2016 MAY - The USCIS Office in Boise, Idaho granted citizenship/naturalization to a Chinese legal permanent resident who became a conditional green card holder in October 2014. The applicant applied for expeditious citizenship under INA 319(b), naturalization for a spouse of a U.S. citizen employed abroad. At the time of filing, the applicant and her American husband were living in China. USCIS was very accommodating in terms of scheduling the biometrics appointment and interview date. After we submitted the N-400 application, USCIS wrote to us asking which dates we preferred for the Biometrics Appointment and called us to ask which date we wanted for the Interview Date. The oath ceremony was on the same day as the interview.

2016 MAY – The U.S. Consulate in Guangzhou, China approves the CR-1 spousal visa to a couple who met online and got married 6 months later during their first visit together. The American husband previously filed a K-1 fiancée visa for his ex-wife from Thailand. The couple got married 5 months after the American citizen and his ex-wife were divorced. The consular officer asked the Chinese wife questions about her husband’s name, her stepchildren’s name, how they met, how many times they’ve met, how they keep in contact and about her husband’s job.

2016 MAY – The U.S. Consulate in Guangzhou, China grants a 10-year B1/B2 visitor visa to the Chinese wife of an American citizen who have been married since 2011. The Chinese wife previously applied for two visitor visas in 2011, after she was married and was denied. The couple have been living together in China for 5 years and have a daughter together. The Chinese wife applied for her current visa so that she can accompany her husband to visit his mother, who has Alzheimer’s. The consular officer asked her why she was applying for the visa, where her husband works and when she plans to move to the USA. Her husband filed a spousal visa application for her in late 2011, but they have put the case on hold as they are not ready to move to the USA yet.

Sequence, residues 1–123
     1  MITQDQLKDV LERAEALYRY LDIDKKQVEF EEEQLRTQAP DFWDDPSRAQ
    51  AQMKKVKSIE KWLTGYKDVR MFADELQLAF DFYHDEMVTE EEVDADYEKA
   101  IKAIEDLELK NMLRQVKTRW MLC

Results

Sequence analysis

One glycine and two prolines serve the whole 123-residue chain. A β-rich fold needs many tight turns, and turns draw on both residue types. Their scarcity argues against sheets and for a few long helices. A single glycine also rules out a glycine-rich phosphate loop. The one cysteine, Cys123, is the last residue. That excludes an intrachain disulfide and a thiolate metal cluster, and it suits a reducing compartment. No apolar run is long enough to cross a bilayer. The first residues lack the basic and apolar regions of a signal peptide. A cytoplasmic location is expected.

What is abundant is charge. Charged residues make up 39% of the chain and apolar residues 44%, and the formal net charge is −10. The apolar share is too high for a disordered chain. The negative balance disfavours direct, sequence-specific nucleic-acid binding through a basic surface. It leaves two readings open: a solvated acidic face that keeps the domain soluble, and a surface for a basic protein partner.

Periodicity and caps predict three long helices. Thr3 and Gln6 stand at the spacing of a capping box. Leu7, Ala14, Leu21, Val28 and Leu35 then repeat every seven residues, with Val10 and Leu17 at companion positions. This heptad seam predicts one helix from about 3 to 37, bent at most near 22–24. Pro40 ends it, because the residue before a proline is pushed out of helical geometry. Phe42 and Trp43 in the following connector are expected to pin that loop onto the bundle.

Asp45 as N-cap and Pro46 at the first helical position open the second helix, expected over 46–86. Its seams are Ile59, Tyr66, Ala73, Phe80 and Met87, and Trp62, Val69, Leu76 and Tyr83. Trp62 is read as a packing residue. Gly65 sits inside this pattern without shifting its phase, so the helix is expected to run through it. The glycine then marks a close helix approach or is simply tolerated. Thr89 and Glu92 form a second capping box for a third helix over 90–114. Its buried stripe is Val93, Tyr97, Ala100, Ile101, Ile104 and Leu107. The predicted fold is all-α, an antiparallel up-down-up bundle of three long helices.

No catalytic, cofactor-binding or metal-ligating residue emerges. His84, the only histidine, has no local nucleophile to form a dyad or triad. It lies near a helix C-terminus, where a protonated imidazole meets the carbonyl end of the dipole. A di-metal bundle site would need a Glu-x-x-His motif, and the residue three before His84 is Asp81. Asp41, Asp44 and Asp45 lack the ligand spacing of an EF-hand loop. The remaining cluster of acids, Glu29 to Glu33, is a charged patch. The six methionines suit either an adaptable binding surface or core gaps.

2016 APRIL – The U.S. Consulate in Guangzhou, China approves the K-1 fiancée visa to a couple who met through friends. The Chinese fiancée has three siblings who live in the USA and she has three prior denied visitor visa applications from 2011 and 2012. When she applied for the visitor visas, her English was minimal and engaged the services of an agency to help her. She provided accurate background information to the agency, but the agency did not accurately complete the application forms, stating that she didn’t have any family members in the USA when she did and stating that she was married when she was already divorced. At the K-1 interview, the consular officer ask why she lied on her tourist visa applications and she was able to provide an explanation to satisfy the officer.